New knowledge and ability through tummies and trash
The concept of community participation is one that enjoys much support in theory and far less in reality. Apart from awe at power and celebrity, online petitions and taxes, I mean. At some point, one realises that society, an apartheid legacy and the economy are just not going to cut it if you’re investigating or investing in living consciously. Going greener isn’t simple. Investing in equality isn’t easy. And yet, some people do both anyway, and in one part of the Western Cape they have a name for this.
Welcome to Greyton Transition Town, an ideology in action that belies the faded tourist billboard that welcomes you to leafy rural suburbia, its many gift shops and art galleries and its many more economically challenged citizens, mostly only seen milling about near the local shops. As a person of relative privilege in or visiting South Africa, how do you address the apathy and disempowerment that a legacy of colonialism, apartheid and economic disadvantage incurs, though? Marshall starts with the stomach, and makes his way to the trash can.
He and Transition Town partner, Nicola, are actively addressing the realities that surround them. Nicola is an animal sanctuary owner, fundraiser, events coordinator and go-to person for the movement which takes its inspiration from a similar project in Totnes, United Kingdom. Together, they run garden and feeding schemes at local schools, teaching children and teens self-sufficiency and healthy eating habits through a process called permaculture. Permaculture is an organic gardening practise that uses various natural laws to extract abundance from the earth without compromising its ability to feed future generations. The focus on permaculture encouraged them to approach local farmers, who now use no chemicals on parts of their fields, and sell directly to residents at a local market, increasing their profit margins and reducing the amount of packaging and the impact of the cold chain in the process. The new knowledge these youngsters develop also gives them new work and career opportunities, as Marshall is often contacted by bodies seeking exactly their expertise.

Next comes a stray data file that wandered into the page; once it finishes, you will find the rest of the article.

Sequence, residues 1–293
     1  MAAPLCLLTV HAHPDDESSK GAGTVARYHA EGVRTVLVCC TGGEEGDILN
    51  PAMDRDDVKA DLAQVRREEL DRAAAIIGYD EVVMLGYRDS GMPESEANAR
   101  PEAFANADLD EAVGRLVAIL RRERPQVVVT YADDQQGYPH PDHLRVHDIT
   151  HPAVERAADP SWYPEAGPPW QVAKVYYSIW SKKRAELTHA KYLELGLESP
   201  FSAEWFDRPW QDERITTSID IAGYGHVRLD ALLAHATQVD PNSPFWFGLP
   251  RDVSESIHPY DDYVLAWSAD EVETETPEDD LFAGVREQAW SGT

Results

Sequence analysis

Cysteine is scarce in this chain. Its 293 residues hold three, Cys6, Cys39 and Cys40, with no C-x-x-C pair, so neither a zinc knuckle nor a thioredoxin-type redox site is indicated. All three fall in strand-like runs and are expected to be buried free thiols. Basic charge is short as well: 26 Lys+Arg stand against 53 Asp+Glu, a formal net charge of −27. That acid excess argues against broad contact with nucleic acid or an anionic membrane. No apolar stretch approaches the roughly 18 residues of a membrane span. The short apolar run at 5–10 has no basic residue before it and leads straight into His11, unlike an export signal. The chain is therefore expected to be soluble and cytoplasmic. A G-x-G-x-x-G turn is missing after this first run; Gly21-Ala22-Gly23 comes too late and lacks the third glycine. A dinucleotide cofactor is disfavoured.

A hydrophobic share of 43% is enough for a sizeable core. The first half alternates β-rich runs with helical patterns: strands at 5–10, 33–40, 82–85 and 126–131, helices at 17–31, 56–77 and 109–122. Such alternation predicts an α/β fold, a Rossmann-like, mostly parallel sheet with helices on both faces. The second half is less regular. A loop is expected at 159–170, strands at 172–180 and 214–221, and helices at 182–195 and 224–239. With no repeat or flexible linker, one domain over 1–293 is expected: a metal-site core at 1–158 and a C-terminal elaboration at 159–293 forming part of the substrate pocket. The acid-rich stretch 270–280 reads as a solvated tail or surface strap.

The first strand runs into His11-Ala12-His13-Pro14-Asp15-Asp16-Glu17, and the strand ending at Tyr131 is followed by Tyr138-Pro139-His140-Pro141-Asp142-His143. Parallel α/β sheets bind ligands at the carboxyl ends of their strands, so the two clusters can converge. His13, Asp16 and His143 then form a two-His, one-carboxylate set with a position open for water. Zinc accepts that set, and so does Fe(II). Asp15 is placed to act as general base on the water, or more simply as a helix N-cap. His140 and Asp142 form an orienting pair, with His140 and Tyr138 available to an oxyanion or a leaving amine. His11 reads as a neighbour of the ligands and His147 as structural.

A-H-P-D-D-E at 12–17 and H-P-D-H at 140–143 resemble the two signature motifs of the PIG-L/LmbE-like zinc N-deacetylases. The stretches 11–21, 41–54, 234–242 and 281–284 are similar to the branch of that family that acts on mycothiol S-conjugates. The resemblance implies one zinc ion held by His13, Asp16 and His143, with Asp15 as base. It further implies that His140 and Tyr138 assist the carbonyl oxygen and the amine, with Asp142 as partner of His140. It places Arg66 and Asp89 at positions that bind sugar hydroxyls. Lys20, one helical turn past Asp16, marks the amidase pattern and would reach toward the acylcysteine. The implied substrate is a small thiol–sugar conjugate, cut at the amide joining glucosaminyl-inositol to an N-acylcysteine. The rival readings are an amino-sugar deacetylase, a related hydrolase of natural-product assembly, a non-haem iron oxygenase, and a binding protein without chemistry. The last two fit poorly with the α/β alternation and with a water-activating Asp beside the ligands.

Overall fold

Recognising that there was also an opportunity in and need for recycling they organised an independent recycler to collect trash regularly, and started a swap shop to encourage locals to bring in recyclable goods. The citizen recyclers are paid in clothes, food, shoes and other necessities given by larger chains and supportive charities, empowering those with less cash and changing the way locals view trash. Speaking of which, The Transition Town movement also birthed the Trash to Treasure Festival, which rehabilitated an old dumpsite with a clean-up and a new orchard and threw a big party to bring attention to the potential in our waste and the waste of our potential. It’s clear to see that these collective efforts are not a waste of time.
Their headquarters, The Eco Lodge, is a repurposed municipal building that now hosts and accommodates community gatherings for people at every level of the LSM ladder, from school tours to mini-conferences, and if you’re lucky, you may get a vegan meal from Ruwayda, Marshall’s loving wife. If you’re not, you could visit Pure Café, a plant-based eatery that specialises in the most mouth-watering desserts that are completely animal-free (vegan).
Whether you remember it as a transition town or simply those guys giving kids in Genadendal a chance, this is a great example of the power of intention, action and its knock-on effect in building a more inclusive and empowered community.
TIP : to get the full experience, get your hands dirty and add your story to the bigger picture.
(Read more about Greyton Transition Town and get all their contact details on their Eco Atlas page.)